september 2th 1998
|I want to try to focus the work for the project on some strands that interest me.
Firstly, ethics/aesthetics; the important question of "who can speak?" (understood as a compressed category that includes the who/what/how/where etc of discourse(s)). The specific objects of my attention are cultural studies practices, especially those clustered around the desire to mark our writing with certain tone(s), to find a "poetics" for speaking of the academic's principled stance in relation to troubling and difficult subjects.
At this stage I am gathering materials related to first nation/aboriginal discourses represented in electronic media. I will be tying this sampling of practices to my students' work on their experience of on-line, cd-rom, and other representations of aboriginality.
I expect to be able to find some points of conjunction between this class-room practice and my work on "melancholy histories" in cultural studies writing, especially the deployment of allegorical modes and (what I am calling for the moment) the turn towards the elegaic in some influential practitioners of academic writing. I will have to keep bringing this work back to what the academic essayist seems to want to achieve and to the question of how this is translated/overcome/repeated in electronic environments. I will talk partly about the production, and partly about the reception, aesthetics that seem to function in these practices. I will try to focus this on the pedagogic scene by playing around with a model of the post-Romantic interpretive paradigm as it functions in the classrrom as an ethic/habitus, a "practice of the self".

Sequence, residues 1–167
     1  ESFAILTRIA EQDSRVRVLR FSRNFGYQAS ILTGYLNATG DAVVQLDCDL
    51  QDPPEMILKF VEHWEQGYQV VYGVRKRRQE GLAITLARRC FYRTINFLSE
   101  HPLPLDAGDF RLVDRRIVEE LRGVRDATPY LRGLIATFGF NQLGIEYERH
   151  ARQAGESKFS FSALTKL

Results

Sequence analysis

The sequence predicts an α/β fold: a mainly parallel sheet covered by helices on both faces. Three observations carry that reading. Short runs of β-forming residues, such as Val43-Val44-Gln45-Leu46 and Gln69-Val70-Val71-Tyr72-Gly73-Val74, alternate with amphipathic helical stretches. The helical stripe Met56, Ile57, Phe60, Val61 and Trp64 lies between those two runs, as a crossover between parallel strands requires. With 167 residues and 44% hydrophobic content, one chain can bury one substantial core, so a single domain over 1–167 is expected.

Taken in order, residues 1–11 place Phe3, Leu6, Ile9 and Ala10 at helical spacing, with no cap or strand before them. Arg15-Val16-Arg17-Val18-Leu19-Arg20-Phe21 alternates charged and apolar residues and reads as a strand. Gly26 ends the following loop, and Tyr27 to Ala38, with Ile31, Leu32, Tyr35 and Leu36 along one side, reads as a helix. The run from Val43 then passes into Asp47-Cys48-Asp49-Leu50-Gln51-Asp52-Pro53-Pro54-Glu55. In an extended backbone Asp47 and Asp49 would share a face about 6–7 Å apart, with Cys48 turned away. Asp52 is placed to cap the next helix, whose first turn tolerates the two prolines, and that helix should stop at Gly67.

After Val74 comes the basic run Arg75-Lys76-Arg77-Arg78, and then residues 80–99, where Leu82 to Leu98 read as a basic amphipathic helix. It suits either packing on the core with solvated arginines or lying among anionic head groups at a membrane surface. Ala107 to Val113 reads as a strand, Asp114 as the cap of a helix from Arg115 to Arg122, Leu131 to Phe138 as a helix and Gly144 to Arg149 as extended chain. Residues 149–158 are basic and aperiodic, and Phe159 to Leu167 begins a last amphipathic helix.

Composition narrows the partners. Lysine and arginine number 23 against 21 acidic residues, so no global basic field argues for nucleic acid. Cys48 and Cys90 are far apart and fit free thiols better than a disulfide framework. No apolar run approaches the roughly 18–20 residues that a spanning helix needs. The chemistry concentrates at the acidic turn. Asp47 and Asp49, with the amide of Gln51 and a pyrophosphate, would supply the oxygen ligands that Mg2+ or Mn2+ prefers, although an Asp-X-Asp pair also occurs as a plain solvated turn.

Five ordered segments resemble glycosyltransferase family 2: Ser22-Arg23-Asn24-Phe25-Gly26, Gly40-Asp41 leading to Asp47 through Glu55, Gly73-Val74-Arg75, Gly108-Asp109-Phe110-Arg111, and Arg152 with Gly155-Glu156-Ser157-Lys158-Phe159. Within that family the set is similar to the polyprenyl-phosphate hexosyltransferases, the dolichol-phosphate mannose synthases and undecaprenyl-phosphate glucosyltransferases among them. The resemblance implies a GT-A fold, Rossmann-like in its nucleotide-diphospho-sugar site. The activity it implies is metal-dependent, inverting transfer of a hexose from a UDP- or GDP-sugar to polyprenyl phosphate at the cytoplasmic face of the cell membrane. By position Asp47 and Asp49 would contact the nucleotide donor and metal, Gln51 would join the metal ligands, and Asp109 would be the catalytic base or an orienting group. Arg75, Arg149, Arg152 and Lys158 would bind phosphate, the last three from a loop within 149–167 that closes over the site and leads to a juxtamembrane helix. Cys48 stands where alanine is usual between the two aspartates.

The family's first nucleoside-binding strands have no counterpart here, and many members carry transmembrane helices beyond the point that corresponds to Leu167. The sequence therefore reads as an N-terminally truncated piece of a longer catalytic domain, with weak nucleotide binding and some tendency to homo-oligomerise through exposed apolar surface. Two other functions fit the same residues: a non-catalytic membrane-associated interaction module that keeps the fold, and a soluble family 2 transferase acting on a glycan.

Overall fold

|Heather Kerr studied at The University of Birmingham (UK), was a Research Fellow at The University of Otago (NZ), and Associate Lecturer at The University of Melbourne. She currently teaches courses in postmodernism, the post-structuralist essay, early modern culture and contemporary cultural studies at The University of Adelaide. She was general editor of the interdisciplinary journal -Southern Review- (1993-5) and is co-editor of -Shakespeare and the World Elsewhere- (ANZSA 1993), -Shakespeare: World Views- (Delaware UP 1996) and the forthcoming -The Space Between: Australian Women Writing Fictocriticism- (University of Western Australia Press, 1998). Her current research is focussed on fictocritical practices. An essay on "Perverse Writing; Maternity and Monarchy; Fictocriticism and Exorbitant, Plural Bodies" has been selected for inclusion in a forthcoming collection of essays on women, culture and perversion. In 1993 she was awarded the University of Adelaide's Stephen Cole the Elder Prize for Excellence in Teaching.|